The simplest of these three practices is journaling. If you love to write, journaling might soothe your mama soul, help you to see patterns in your experience that you might not otherwise see, and give you a record of this precious time. I call this the simplest because all you really need to start is a pen and a scrap of paper, or even a new file on whatever device you’re using to read this now. Write down how you’re feeling, what your hopes are for your baby, or anything else that comes to mind. Don’t worry about creating a polished piece of writing – this is for your eyes only, unless you choose to share.
If the blank page intimidates you, Sacred Pregnancy: A Loving Guide and Journal for Expectant Moms may provide the inspiration you need. It’s filled with gorgeous, full color photographs of diverse pregnant mamas. This is a weekly journal that goes from conception through week forty, offering wisdom and writing prompts at every stage. Each week features a theme, such as Joyfulness or Meditation. Author Anni Daulter is also working to train Sacred Pregnancy instructors, so if you like the book you may be able to take a course that offers the same philosophy of pregnancy.
Consulting an oracle probably takes a bit more effort than journaling, but can be very rewarding. Oracles needn’t be anything terribly arcane. Do your dreams seem especially vivid or potent now? Maybe they have wisdom to offer you. Meditate on them in your morning shower, write them down in your journal, or discuss them with a close friend.
The Mother’s Wisdom Deck is also a beautiful oracle option, one that could make a great gift at a Mother Blessing. These cards are organized in four suits, representing images of natural forces, animals, historical mamas, and goddesses. Draw a card each morning to set the tone for your day or follow the instructions in the accompanying guidebook for a more complex spread of cards.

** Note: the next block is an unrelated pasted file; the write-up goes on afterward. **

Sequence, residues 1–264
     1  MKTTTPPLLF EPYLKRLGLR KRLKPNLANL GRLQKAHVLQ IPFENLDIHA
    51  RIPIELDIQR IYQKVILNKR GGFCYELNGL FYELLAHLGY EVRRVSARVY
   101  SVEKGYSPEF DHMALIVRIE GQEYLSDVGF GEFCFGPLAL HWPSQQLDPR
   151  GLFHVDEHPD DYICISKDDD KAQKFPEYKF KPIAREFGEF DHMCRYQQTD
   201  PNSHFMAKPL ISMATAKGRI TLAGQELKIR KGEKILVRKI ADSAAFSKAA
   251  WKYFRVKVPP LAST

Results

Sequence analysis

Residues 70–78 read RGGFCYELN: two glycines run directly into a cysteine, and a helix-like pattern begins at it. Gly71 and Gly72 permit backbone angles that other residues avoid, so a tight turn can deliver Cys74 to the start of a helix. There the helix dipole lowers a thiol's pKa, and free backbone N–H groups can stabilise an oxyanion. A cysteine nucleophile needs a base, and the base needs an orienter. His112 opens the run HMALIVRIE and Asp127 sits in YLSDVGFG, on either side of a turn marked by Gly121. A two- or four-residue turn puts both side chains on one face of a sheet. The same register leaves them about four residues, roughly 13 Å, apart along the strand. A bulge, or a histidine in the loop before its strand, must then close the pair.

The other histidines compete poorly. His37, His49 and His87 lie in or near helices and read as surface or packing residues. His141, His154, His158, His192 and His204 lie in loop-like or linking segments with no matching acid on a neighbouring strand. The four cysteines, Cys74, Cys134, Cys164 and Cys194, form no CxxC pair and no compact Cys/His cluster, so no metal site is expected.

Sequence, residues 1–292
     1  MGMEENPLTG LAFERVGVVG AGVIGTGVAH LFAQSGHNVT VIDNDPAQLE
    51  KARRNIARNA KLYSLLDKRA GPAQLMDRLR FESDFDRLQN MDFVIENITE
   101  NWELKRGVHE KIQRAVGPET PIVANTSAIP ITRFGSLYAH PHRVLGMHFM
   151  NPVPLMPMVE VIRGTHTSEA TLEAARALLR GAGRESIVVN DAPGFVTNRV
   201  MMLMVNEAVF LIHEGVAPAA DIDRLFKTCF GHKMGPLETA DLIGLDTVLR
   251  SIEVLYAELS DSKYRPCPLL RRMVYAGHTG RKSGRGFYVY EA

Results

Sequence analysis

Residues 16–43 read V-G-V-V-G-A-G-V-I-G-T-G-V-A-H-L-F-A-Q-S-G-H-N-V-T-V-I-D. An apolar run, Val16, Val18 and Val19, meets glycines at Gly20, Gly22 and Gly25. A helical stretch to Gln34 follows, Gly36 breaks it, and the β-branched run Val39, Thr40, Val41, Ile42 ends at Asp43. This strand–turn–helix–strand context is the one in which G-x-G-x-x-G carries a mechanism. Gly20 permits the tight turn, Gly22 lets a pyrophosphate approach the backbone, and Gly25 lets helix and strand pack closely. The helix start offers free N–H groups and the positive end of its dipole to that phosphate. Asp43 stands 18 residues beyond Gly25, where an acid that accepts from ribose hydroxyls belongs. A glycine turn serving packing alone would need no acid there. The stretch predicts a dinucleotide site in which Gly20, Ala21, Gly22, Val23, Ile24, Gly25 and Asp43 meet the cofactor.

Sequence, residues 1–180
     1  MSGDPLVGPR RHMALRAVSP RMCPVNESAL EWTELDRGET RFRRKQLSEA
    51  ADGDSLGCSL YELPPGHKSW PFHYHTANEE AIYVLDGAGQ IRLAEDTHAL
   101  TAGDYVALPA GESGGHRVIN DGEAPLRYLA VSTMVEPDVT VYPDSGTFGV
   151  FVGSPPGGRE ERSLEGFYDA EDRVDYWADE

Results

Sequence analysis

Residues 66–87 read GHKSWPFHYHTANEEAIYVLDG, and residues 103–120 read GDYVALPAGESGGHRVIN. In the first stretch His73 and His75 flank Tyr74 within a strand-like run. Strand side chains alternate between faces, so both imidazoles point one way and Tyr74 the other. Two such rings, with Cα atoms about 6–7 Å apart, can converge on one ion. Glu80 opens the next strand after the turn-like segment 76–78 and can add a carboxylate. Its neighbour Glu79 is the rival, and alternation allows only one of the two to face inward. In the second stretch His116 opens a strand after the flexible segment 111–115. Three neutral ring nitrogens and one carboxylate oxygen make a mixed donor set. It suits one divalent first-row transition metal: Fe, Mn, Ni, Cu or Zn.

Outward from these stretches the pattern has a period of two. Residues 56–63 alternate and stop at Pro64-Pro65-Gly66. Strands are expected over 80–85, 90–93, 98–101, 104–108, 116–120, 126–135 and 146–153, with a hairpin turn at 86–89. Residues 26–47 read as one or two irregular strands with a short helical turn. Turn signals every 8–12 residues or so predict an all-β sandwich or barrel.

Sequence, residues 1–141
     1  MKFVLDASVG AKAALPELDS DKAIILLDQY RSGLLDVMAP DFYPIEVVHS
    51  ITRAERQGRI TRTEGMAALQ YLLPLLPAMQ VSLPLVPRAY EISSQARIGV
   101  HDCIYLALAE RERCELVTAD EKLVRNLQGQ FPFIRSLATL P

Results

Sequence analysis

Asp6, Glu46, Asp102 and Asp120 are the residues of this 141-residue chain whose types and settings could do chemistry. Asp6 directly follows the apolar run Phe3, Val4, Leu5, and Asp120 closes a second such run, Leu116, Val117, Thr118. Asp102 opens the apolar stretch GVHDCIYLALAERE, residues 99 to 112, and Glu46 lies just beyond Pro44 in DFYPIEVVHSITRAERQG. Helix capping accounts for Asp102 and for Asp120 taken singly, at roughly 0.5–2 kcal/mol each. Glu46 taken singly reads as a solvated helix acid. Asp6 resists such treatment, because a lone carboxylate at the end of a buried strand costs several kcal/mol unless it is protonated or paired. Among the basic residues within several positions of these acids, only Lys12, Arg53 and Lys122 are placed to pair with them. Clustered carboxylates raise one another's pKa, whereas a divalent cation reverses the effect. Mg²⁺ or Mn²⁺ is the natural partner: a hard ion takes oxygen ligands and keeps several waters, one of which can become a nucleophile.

Thirdly, you may wish to build from the inward reflection of journaling and oracle reading toward a more externalized action of ceremony, which involves more of your senses. Those practices can help you to see the places where ceremony will support your journey, whether you’re grieving, celebrating, welcoming, or simply marking a meaningful transition. A ceremony might be as simple as lighting a candle and saying a prayer for the wellbeing of yourself and your baby, or it could be as complex as a Mother Blessing for which you plan well in advance and invite many guests.
In Birthrites: Rituals and Celebrations for the Child-bearing Years, Jackie Singer shares many ideas for creating your own ceremonies. The introductory chapters offer guidance on why and how to craft rituals of your own. Most chapters offer ideas for creating rituals that address the specific experiences of pregnancy, from preconception through postpartum naming ceremonies, and also covering experiences of pregnancy loss.
So if you’re not part of a spiritual or religious community that celebrates your pregnancy with you, but you still feel the thirst for honoring the deeper meanings of this life experience, there’s lots that you can do. How will you acknowledge the sacred aspects of welcoming baby?
Note: I received free review copies of all three books mentioned here, but the opinions expressed here are my own.